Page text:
JLE

Médecine de la Reproduction

MENU

Polymorphism and ovarian response Volume 15, issue 3, Juillet-Août-Septembre 2013

Authors
Laboratoire d’Histologie, Embryologie, Biologie de la Reproduction, Cytogénétique et Génétique Médicale, CHI de Poissy St Germain, Poissy, France ; EA 2493, UFR des Sciences de la Santé, UVSQ, Montigny le Bretonneux, France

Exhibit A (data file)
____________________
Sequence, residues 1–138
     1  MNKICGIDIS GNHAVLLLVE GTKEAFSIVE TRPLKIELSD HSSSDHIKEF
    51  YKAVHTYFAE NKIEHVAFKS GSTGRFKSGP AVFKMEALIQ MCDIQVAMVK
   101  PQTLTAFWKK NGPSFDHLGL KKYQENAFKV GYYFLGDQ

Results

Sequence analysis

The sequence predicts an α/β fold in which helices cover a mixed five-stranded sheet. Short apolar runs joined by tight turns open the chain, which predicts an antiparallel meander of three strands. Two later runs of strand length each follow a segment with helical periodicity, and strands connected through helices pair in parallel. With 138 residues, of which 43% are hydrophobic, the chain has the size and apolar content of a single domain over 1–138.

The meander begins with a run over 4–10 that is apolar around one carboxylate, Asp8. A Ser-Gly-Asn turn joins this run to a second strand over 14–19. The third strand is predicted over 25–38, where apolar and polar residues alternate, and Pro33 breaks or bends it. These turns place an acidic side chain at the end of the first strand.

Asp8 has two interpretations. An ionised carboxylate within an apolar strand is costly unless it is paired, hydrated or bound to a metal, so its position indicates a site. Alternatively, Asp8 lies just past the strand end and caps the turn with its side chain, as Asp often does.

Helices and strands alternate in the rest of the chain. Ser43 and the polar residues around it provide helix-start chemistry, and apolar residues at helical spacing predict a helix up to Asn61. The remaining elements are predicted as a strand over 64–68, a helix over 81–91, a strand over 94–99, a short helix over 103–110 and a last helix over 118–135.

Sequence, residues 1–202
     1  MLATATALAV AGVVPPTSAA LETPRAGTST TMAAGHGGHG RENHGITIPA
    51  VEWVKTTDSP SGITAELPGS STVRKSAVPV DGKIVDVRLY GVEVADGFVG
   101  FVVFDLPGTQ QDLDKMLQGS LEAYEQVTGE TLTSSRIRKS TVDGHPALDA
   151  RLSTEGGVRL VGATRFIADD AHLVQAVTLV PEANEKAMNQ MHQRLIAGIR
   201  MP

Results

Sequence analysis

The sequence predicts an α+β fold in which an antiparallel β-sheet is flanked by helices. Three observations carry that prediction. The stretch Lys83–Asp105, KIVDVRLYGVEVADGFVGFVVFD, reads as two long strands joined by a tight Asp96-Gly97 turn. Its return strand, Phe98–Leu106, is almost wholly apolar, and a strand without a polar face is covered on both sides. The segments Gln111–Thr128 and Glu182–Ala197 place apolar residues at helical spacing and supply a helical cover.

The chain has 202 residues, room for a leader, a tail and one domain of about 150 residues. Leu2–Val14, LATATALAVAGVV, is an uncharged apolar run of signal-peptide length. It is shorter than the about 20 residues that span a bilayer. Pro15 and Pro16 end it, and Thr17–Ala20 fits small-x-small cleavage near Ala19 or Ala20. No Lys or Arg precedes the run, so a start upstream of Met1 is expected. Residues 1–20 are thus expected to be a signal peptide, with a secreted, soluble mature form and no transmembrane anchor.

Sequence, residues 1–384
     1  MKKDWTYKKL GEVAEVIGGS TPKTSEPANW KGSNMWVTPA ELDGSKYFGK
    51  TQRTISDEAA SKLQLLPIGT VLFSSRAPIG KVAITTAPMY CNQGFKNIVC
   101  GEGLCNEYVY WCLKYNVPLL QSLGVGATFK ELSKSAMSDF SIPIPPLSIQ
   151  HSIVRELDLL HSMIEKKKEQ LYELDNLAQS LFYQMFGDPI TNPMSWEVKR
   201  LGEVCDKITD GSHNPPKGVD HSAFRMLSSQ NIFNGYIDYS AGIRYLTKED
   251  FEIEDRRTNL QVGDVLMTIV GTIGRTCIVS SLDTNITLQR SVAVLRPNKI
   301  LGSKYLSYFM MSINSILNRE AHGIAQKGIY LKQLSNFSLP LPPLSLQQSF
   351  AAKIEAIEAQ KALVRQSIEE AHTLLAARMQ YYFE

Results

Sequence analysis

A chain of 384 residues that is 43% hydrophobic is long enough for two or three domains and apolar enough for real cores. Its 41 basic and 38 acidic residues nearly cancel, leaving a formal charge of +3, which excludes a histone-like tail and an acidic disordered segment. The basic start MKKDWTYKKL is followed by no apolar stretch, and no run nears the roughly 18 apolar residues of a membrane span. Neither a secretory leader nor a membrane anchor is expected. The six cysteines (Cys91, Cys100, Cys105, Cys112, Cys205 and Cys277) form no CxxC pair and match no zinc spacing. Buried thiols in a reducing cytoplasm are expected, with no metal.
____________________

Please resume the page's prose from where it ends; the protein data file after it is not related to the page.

Assisted reproduction technology (ART) has solved many problems of infertility. The success of in vitro fecundation depends largely on the effectiveness of ovarian stimulation, which requires injections of gonadotropins to induce folliculogenesis. However, there is a high variability of individual responses to the ovarian stimulation. So the prediction of ovarian response to gonadotropins represents one of the major challenges of IVF. While, many predictive factors influencing the results of ovarian stimulation have been proposed (such as age, ovarian reserve), the search for new factors is still valid. More recently, pharmacogenetics has shown the role of genetic factors in the prediction of ovarian response. Our work has focused on the study of the impact of genetic polymorphisms on the ovarian response. Of the 13 genetic polymorphisms analyzed, previously described above to have an impact on ART outcome, only 4-FSHR Asn680Ser, p53-Arg72Pro, ESR2 +1730- G/A and AMH-Ile49Ser, have been shown associated with a variation on the number of mature oocytes. These results support an adjusted gonadotropin administration on the basis of the genetic component of each patient. The ultimate goal is to better individualize the initial dose of FSH to avoid insufficient ovarian response or ovarian hyperstimulation syndrom.